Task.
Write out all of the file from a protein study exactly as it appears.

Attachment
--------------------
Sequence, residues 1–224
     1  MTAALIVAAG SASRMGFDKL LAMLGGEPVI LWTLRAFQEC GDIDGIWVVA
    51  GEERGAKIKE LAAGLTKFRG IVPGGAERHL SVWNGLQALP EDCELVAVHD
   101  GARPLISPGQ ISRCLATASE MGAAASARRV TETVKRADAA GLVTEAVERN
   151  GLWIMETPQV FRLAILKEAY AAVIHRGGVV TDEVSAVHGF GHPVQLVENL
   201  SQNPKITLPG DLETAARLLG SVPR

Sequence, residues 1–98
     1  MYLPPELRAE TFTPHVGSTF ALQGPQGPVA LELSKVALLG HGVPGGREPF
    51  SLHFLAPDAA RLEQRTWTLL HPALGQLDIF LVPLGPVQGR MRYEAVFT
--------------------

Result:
Sequence, residues 1–224
     1  MTAALIVAAG SASRMGFDKL LAMLGGEPVI LWTLRAFQEC GDIDGIWVVA
    51  GEERGAKIKE LAAGLTKFRG IVPGGAERHL SVWNGLQALP EDCELVAVHD
   101  GARPLISPGQ ISRCLATASE MGAAASARRV TETVKRADAA GLVTEAVERN
   151  GLWIMETPQV FRLAILKEAY AAVIHRGGVV TDEVSAVHGF GHPVQLVENL
   201  SQNPKITLPG DLETAARLLG SVPR

Sequence, residues 1–98
     1  MYLPPELRAE TFTPHVGSTF ALQGPQGPVA LELSKVALLG HGVPGGREPF
    51  SLHFLAPDAA RLEQRTWTLL HPALGQLDIF LVPLGPVQGR MRYEAVFT